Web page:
MISSOURI Sunday, April 6. This morning (prior to registering in Branson), w meander along scenic early spring back roads, via the small town of Ironton, to the end of State Highway CC, trailhead for 1,.772'Taum Sauk Mtn., the high point of Missouri. To our pleasant surprise we discover we aren't required to locate and ask permission of a local farmer, as suggested in our two Highpoint Guides, to cross his property to gain the summit. It seems that the State of Missouri has recently acquired some or all of the farmer's property, and has constructed a parking lot, a picnic area, complete with restrooms, and a 1,000 foot long concrete pathway leading to the boulder marking the state's highest point. This trailhead also provides access for the 33 mile long Taum Sauk section of the Ozark Trail, which looks as if it would make a beautiful hike either a bit later in tribe spring or in the fall. At this time of the year, and at this elevation, however, the trees, all of which are deciduous, have not as yet Highland State Park, it soon deteriorates into a miserable network of unsigned use trails, one of which, marked with dabs of white paint, is the Appalachian Trail. This excursion proves to be difficult going for Jo, who has a sore ankle, but we finally reach the summit and return to the car even though it takes us 6 hours to' do so.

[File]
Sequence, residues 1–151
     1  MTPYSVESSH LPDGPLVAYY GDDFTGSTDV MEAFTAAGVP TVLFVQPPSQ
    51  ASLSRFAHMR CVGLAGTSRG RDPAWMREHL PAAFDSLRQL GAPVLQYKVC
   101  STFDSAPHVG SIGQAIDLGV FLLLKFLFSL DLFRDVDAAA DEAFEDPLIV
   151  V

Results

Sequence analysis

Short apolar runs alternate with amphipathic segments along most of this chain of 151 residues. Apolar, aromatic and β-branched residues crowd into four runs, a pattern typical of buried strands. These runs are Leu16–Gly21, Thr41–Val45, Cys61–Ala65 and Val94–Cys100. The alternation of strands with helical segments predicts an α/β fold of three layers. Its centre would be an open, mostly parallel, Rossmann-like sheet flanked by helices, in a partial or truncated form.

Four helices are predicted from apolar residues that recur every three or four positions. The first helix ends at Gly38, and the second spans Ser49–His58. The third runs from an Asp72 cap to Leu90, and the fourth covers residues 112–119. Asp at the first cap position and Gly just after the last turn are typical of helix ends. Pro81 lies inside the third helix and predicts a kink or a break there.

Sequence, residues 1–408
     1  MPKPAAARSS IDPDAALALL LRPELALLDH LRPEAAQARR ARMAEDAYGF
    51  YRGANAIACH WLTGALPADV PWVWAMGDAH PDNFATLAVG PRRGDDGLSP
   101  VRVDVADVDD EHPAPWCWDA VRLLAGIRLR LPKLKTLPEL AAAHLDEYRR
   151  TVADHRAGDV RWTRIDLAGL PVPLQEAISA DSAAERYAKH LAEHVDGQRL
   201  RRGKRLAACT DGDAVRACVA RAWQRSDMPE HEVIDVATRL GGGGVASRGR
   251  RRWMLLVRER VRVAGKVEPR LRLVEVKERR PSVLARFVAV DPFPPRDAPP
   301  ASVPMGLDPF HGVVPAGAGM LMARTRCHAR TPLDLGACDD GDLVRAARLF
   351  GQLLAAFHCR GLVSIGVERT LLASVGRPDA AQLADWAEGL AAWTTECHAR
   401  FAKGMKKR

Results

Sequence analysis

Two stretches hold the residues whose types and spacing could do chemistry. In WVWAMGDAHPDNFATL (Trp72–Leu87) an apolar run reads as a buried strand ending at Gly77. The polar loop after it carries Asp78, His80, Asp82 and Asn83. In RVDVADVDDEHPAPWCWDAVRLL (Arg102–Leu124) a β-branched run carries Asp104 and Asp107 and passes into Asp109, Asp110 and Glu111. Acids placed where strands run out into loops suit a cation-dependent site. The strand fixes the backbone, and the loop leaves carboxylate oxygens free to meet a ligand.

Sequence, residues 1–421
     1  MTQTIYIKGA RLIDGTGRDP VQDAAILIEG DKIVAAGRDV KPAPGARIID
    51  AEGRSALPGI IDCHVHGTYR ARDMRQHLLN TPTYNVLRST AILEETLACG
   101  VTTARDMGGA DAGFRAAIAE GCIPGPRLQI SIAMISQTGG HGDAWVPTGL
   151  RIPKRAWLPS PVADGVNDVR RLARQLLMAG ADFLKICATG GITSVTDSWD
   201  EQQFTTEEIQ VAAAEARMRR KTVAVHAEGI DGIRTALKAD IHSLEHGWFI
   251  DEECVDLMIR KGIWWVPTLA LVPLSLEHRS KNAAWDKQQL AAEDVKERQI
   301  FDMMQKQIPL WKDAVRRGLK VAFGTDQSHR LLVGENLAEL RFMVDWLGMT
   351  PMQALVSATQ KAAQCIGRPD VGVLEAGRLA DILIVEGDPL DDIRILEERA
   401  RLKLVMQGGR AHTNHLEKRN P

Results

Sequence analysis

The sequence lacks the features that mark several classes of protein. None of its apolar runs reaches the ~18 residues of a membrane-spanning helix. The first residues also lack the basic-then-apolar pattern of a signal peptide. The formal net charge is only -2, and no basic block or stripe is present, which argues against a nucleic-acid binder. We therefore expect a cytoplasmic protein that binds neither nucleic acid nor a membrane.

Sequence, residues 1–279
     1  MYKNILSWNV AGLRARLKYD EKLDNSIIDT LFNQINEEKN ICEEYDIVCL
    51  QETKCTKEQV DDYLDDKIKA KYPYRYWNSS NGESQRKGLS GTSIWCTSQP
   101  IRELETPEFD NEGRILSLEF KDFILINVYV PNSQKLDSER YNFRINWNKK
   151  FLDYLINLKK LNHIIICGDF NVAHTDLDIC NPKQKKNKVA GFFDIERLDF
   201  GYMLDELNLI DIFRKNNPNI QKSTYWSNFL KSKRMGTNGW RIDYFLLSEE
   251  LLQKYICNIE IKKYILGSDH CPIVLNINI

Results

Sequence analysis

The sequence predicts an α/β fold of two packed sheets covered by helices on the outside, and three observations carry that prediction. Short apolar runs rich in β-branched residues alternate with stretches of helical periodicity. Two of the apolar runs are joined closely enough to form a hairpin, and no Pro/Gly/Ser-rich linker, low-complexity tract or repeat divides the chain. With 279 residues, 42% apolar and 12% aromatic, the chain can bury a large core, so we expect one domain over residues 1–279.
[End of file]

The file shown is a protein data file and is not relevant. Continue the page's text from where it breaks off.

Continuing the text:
We enjoyed this North Carolina Elderhostel so much that I was inspired to write an article describing our experiences for friends, relatives and members of the excellent Junaluska Elderhostel staff. Recently, I was notified that my piece would be included (although shortened), as a forward to the Elderhostel Fall 1998 USA. catalog. The cartoon illustration from that forward accompanies this article.
Postscript: Since the two EH sessions described above, Jo and I have attended a third in May 1998 in San Francisco, which consisted of a series of excellent lectures on the history, art and architecture of that city, two bus tours, and housing and meals at two older but wellmaintained hotels, located only two blocks from Union Square. In addition, we attended a fourth in July 1998 in Mason City, IA Jo's hometown an absolutely delightful session, which included classes on favorite son Meredith Willson of "Music Mae, fame, and Prairie School Architecture (M.C. has three Frank Lloyd Wright buildings). On the way back to CA we bagged the high points of IL, LA, ND, SD, NE and CO.
A SELECTED LIST OF OTHER U.S. ELDERHOSTEL PROGRAMS OF POSSIBLE INTEREST TO SPSers. (And keep in mind there are a multitude of International Programs as well)
The programs and their venues listed below were or will be presented in 1998. In most instances these programs will be repeated at approximately the same time each following year. Site: Alaska Pacific University (Anchorage) and Denali National Park. Time: July Cost: $1140/ person Program: Thirteen day session covering: 1.) The Geology of South central Alaska, 2.) Alaska Natives: Their History and Their Culture, 3.) Traditional Uses of Alaska Plants, and 4.) The Wildlife and Natural History of Denali.